Remembering the 1980 Miracle with Craig Patrick
Catholic saints need three miracles to become canonized and Craig Patrick already has one.
It has been almost 25 years since the United States beat the Soviet Union in the 1980 Olympics. Over the years that event has become one that transcended sports and became one of the benchmarks of 20th century US history.
For Assistant Coach Craig Patrick and the rest of the team, it was just another game when it was played.
“We had no idea [the magnitude] until we were flown to the White House on Air Force One,” Patrick said in a recent interview. “We showed up at the airport and there was an excited crowd throwing flowers. That’s when it started to sink in.”
The celebration and euphoria of the Olympic win only happened because Head Coach Herb Brooks put a plan together to get a bunch of college all-stars to play as a team. Brooks had Patrick play good cop to the head coach’s bad cop.
“That was definitely the way Herb wanted it,” Patrick said. “The day he hired me he said we have two factions here and he was going to have to bring them together against him. I had to be the one calming the waters for everyone. That was his game plan from day one and he carried it out perfectly.”
Great coaching made the team not only play better, but made them the best conditioned team on in that tournament. Brooks knew all along what was needed for the team to succeed.
“[Herb] was very organized and very, very bright; not only in the world of hockey, but outside the world of hockey,” Patrick said. “His major in college was psychology and he was very good in understanding the human mind; being able to motivate it and manipulate it.”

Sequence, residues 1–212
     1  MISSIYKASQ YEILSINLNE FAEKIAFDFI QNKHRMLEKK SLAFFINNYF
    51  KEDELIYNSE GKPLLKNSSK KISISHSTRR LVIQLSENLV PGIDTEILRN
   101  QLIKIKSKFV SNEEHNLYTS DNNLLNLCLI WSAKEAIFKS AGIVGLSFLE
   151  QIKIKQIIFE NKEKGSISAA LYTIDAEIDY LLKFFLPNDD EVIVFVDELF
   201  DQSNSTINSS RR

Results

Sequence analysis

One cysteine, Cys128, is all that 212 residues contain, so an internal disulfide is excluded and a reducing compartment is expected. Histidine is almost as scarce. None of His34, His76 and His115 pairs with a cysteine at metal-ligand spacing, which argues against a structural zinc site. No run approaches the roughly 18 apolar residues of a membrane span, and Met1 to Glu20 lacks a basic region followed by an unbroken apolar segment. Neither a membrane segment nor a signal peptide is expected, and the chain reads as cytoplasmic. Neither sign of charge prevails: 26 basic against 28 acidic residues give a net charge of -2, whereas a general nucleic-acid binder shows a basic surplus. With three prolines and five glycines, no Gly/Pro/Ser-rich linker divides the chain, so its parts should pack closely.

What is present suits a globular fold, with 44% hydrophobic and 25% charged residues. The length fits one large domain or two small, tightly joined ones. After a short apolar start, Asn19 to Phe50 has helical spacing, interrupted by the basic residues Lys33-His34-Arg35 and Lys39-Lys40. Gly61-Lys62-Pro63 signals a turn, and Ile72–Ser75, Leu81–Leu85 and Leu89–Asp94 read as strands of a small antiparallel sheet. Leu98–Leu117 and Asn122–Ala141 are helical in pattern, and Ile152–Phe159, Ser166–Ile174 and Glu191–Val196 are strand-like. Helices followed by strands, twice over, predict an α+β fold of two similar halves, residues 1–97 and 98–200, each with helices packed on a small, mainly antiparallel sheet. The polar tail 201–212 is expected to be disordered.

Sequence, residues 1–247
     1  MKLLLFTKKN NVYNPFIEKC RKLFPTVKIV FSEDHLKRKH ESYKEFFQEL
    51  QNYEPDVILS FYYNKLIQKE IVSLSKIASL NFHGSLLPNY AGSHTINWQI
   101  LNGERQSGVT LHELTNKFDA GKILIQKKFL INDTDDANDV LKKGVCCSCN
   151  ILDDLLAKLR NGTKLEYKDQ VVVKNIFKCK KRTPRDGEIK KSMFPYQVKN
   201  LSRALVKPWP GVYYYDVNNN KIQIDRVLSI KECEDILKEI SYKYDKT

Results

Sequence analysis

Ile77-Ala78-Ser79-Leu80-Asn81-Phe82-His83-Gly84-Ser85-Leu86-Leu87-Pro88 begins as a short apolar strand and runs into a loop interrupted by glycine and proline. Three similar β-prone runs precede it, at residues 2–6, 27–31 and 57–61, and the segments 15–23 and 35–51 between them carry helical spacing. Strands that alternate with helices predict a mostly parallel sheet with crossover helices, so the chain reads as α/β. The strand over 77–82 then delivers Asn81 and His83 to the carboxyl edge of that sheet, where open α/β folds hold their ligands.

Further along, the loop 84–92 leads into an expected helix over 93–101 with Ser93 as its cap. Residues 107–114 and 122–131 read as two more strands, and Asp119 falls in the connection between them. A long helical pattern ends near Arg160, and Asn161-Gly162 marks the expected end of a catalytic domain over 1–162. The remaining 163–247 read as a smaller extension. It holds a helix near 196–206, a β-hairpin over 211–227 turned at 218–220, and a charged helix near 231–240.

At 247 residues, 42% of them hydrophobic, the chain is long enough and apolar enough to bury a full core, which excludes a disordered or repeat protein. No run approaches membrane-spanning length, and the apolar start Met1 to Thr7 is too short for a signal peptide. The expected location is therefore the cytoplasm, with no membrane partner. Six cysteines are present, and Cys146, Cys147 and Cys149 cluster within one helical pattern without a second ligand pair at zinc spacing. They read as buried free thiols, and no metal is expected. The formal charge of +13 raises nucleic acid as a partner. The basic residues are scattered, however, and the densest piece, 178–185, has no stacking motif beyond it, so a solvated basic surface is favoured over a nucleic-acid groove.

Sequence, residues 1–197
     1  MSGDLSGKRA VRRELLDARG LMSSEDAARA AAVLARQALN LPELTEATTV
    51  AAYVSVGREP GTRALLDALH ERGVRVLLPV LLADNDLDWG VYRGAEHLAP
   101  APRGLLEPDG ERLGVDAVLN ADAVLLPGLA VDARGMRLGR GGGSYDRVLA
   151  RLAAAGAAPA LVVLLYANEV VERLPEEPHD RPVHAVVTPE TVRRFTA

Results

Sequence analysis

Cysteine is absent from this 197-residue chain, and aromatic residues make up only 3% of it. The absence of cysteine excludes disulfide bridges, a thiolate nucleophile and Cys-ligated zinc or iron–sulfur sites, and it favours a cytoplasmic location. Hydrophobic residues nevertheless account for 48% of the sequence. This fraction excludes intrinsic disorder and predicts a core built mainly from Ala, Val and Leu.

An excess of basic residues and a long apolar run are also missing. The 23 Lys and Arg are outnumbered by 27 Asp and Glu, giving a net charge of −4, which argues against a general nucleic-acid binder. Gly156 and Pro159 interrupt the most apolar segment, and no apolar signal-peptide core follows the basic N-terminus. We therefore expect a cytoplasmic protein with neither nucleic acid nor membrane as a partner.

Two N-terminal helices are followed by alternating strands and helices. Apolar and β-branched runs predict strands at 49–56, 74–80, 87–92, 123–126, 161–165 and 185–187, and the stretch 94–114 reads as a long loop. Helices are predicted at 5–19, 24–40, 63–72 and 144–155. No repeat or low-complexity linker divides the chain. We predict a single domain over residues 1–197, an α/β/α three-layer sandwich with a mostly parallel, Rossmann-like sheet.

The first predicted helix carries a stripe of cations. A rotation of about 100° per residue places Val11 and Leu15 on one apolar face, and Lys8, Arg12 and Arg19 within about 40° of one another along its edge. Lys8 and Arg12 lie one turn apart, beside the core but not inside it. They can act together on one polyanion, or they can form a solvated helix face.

With a great coach next to him, Patrick took the role of player’s friend and team ombudsman. Patrick got close to the team and as he did; he marveled in the high level of play that they showed.
“I had been away from amateur hockey for a long time, and there was a whole cast of them that were surprises in one way or another to me; in terms of the skill level,” Patrick explained. “It was an eye opening experience for me.”
With some surprising talent, Patrick started to think that the team could win a medal during the games. After all they had a good seven months and started to play stronger.
Then a speed bump happened a few days before the Olympics when Team USA played the Soviets in an exhibition at Madison Square Garden. The Soviets dominated the US in that game and won 10-3.
“The Russians dominated us the first period and a half, but our guys were just in awe; they were watching this great Russian team rather than playing them,” Patrick said. “The second half of the game, we played against them and Herb used that as motivation in our encounter with them in the semi-finals.”
After a few scares in the preliminaries, the faithful game was played on February 22, 1980 at 5 PM. Down 3-2 in the third period, Team USA came back with goals by Mark Johnson and Mike Eruzione. When they took the lead there was still 10 minutes left to play.
“The last ten minutes of that game seemed like three hours,” he said.
The US held off all Soviet threats in those last moments to win one of the biggest upsets in history. The celebration after the game and the win in the finals against Finland put the icing what has been called the greatest sports moment of the 20th century.
Those celebrations will live in memory forever.
“Seeing the players jump on the ice after it was over and then seeing them get up on the podium with Mike Eruzione to get the gold medal, were the most memorable moments,” Patrick added.
Over the years the 1980 Olympics has been documented in books, TV specials and movies. Last year, Miracle was released in theatres and had strong reviews. Much like many movies that are based on actual events, there were some liberties taken.
“Hollywood put in things just to emphasize,” Patrick said. “But the overall theme of the movie and obviously the ending were exactly the way it happened.”
It was a miracle in 1980 and it is still a miracle today. Now all Patrick needs is two more.